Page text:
FKA twigs on Perfume as Spiritual Communion and the “Voyage of Moving Forward”
FKA twigs, if not exactly clairvoyant, has a crystalline lens on the present. “I fell back in love with music, danger, trying new things, sex, love, raves,” she wrote in a recent Instagram post. No more cautious cocooning. It’s time to live – sacred rites by earthly means.
“I’m definitely a very spiritual person,” the artist explains over the phone from London. “My spirituality, I think, is just a mixture of things I’ve learned from different cultures and religions and spiritual ways that make me feel good and calm me down and most importantly support me to be the best person who I can be.” The mystical realm comes to mind, with twigs as the face of Viktor&Rolf’s newest fragrance, Good Fortune. Its bottle, New Age redux, is reminiscent of a fortune teller’s crystal ball, with a faceted amethyst cap. The creative partnership is also a multi-layered affair, with a campaign video of Andrew Thomas Huang, supported by twigs recent single, “Killer”. An underlying theme is the “continuous journey of moving forward”, she proposes, and it presents itself as a dreamscape worthy of Dutch designers. Victor Horsting and Rolf Snoeren. “I always talk about Viktor & Rolf being Surrealists in that way, especially for their fashion and attitudes,” Twigs says of the duo’s theatrical ensembles. It seems to summon Viktor&Rolf’s Fall 2005 show, where models marched with ruffled pillowcases behind their heads, like an army of sleepwalking princesses. Meanwhile, twigs and kiddysmile caused a stir on Wednesday night during Paris Couture Week, with a live fashion ball in honor of the fragrance.
Good Fortune is the latest fragrance from the makers of the wildly successful Flowerbomb, its message of feminine exuberance has been unveiled in six iterations since its launch in 2005. Good Fortune, on the other hand, arrives as a countermeasure to uncertain times. At the top of the scent is a new distillate of fennel (supposedly linked to white magic) and gentian flower. (A gardening website describes the latter as bearing “an airy delicacy as if ready for flight”—appropriate for twigs, whose pole choreography conveys a weightless ethereality.) There’s jasmine grandiflorum d India for a sneaky drunkenness, with a Madagascan vanilla base. “We always like to play with opposites,” says Snoeren, emphasizing Flowerbomb’s sense of romance and aggression. “For us, Good Fortune is witty and glamorous – two words you don’t always necessarily combine.”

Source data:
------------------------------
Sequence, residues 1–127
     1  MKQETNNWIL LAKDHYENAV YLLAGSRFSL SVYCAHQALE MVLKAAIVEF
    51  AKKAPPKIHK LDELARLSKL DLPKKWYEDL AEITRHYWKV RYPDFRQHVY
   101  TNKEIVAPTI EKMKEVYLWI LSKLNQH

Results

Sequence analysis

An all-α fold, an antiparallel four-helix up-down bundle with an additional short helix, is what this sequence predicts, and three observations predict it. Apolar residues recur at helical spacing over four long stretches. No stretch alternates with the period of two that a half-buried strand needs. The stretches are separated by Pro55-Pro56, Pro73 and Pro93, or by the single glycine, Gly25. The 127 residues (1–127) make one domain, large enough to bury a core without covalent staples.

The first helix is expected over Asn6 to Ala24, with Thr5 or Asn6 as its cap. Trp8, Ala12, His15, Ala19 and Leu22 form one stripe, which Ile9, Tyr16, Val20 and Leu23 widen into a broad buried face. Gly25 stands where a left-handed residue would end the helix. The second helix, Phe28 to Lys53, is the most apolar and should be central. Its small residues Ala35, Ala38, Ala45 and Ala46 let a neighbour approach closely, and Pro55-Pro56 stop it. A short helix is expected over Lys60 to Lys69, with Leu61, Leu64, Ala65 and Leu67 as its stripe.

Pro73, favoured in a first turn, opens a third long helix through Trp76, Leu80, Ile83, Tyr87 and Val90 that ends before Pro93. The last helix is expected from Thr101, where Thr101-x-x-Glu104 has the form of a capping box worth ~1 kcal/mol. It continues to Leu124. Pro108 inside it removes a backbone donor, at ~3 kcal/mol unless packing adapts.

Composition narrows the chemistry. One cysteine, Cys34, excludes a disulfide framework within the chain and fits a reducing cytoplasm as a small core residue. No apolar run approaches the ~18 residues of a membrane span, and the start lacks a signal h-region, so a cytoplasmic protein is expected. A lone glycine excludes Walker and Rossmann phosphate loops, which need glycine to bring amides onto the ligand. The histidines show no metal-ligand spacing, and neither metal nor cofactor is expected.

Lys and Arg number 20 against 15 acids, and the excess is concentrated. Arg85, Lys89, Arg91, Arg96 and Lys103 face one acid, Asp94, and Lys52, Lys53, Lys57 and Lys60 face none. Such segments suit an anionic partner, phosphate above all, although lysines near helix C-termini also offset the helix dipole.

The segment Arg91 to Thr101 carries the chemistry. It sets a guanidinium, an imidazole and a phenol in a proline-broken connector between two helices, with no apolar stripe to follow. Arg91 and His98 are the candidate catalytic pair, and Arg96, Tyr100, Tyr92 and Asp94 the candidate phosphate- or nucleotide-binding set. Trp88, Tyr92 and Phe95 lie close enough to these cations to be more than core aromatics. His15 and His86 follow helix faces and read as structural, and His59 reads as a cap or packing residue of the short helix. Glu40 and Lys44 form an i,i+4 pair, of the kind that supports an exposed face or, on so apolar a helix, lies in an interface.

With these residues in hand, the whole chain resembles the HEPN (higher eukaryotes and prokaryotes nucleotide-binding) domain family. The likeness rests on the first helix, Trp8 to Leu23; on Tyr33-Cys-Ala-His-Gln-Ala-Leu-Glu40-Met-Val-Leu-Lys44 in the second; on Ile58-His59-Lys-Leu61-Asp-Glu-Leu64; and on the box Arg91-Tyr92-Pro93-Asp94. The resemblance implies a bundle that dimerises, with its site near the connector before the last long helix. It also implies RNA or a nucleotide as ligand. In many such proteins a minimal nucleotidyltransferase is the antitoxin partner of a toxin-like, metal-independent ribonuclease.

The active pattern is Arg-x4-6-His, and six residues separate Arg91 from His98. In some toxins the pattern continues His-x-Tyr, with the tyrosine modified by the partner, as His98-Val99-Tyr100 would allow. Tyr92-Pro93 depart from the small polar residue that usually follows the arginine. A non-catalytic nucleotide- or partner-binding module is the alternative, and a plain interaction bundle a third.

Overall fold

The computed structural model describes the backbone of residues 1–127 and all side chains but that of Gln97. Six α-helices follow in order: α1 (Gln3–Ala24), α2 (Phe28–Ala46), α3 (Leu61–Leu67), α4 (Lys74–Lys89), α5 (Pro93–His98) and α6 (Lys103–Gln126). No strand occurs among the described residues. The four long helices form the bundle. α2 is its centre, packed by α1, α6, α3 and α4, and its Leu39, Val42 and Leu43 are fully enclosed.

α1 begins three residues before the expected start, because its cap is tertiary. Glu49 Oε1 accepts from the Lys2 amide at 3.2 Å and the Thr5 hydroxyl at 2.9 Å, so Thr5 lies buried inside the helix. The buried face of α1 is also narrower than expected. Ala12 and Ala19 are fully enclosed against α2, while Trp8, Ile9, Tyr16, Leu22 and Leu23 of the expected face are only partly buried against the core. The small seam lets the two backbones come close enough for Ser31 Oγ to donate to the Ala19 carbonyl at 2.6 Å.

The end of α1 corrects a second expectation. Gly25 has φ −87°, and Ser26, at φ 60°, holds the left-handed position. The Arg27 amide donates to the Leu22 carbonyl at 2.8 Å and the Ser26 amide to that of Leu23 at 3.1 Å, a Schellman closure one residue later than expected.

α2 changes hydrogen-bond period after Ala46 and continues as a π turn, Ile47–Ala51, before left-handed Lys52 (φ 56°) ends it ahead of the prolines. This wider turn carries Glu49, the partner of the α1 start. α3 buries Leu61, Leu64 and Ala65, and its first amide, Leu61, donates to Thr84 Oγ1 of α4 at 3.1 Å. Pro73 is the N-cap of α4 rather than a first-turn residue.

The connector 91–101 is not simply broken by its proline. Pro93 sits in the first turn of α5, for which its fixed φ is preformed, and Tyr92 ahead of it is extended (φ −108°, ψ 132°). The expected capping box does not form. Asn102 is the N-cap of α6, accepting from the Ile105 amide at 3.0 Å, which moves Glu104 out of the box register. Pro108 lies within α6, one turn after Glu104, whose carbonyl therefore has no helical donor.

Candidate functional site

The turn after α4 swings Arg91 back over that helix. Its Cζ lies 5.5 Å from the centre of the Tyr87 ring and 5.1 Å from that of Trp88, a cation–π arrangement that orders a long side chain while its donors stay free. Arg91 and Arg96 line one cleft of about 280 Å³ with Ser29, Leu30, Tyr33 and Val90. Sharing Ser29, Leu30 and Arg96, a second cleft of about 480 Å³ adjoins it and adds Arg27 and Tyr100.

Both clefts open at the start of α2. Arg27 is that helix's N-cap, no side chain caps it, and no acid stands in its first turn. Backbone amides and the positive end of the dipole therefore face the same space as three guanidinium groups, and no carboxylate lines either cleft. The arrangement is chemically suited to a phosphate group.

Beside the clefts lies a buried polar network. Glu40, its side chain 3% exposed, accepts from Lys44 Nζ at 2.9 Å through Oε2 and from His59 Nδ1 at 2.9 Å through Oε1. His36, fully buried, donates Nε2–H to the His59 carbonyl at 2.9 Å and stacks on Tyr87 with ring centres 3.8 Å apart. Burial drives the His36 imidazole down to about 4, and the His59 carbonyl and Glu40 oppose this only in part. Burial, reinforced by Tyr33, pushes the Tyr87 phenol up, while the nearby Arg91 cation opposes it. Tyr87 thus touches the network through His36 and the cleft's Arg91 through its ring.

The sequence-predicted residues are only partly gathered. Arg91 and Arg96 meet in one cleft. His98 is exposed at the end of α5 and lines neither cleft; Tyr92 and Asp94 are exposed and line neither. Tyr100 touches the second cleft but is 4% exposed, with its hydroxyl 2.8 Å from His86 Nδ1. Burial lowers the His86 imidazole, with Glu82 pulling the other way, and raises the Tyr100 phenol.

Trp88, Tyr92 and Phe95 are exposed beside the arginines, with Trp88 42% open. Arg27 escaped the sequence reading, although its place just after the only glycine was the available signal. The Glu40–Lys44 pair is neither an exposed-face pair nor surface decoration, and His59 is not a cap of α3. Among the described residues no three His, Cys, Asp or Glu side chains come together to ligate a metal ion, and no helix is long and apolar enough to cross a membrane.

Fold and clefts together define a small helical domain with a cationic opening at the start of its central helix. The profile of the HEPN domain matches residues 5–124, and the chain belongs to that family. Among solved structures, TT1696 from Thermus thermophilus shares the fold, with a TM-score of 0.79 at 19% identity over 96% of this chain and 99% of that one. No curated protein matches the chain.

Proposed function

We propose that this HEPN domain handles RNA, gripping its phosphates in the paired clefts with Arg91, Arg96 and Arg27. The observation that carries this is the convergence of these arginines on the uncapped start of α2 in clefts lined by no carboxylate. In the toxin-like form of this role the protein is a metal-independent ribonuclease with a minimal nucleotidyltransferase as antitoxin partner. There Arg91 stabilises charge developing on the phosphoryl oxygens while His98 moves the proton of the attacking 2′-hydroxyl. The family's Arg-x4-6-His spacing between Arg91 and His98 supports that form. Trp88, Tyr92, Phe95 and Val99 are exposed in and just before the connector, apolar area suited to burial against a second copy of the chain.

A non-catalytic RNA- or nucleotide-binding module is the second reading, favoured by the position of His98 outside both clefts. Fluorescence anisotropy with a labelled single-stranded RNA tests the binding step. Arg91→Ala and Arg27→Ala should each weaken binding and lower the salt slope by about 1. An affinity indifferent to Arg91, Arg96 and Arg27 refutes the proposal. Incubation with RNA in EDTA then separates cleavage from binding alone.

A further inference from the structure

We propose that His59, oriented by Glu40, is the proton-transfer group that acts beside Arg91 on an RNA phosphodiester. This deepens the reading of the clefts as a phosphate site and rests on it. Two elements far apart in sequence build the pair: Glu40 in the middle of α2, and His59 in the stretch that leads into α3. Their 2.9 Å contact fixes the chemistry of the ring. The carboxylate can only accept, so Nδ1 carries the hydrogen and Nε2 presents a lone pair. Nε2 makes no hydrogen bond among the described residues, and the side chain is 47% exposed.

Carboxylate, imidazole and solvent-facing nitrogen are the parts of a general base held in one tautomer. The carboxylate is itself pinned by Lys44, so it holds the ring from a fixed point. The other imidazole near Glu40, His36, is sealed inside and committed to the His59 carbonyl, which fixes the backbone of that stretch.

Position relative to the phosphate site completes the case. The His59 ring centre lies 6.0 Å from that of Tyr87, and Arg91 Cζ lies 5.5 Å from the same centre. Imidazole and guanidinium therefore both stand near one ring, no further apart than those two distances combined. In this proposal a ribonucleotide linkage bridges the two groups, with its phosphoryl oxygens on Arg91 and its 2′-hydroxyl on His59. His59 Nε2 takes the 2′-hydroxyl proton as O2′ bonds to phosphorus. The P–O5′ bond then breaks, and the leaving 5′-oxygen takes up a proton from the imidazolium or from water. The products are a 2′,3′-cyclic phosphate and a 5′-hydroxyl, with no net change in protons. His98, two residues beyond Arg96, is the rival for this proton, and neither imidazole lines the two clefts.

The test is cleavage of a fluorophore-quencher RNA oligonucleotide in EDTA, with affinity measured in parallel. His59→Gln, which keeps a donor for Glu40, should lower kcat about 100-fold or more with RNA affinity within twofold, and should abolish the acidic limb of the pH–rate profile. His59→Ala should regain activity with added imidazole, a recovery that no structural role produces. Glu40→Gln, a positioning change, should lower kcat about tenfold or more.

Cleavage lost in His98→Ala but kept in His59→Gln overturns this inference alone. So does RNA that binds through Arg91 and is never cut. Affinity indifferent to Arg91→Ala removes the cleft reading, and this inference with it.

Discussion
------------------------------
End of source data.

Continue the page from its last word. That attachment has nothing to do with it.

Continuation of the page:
The focus on wellness reflects designers’ own instincts of late. “I’m paying more attention to meditation, and it’s definitely a positive new ritual in my life, if I do,” Horsting laughs. “Honesty is also a good ritual!” For Twigs – a longtime researcher, as seen in the conversation below – she sees the Good Fortune campaign as an “opportunity to blast art on a grander scale”, she says, grateful for the mind meld. with like-minded collaborators. The scent is a reminder to dig deep, beyond easily knowable truths. “I think it’s important for your ego to believe in something bigger than yourself,” she adds. “It keeps me in check. It helps me to be a better person. If there is something bigger than you, be it a god of a religion, or be it a belief, mysticism or spirituality, then surely there is something to look for.
Vanity Lounge: As an artist who works on many levels – music, dance, personal style – how has perfume made inroads into your creative process?
FKA twigs: I’ve always loved different smells and how they can make you smell. Early in my career, I actually wore a lot of masculine scents because I just wanted people to feel powerful. But as I grew as an artist, I started to really realize what was in my products and the integrity of the ingredients, which led me to start creating my own perfumes. I made a perfume with Christy [Meshell], from House of Matriarch, around “Two Weeks”. And then I got another one especially for Magdalene. I guess it was a fragrance, but it wasn’t either – it was about me really inhabiting the energy of Mary Magdalene.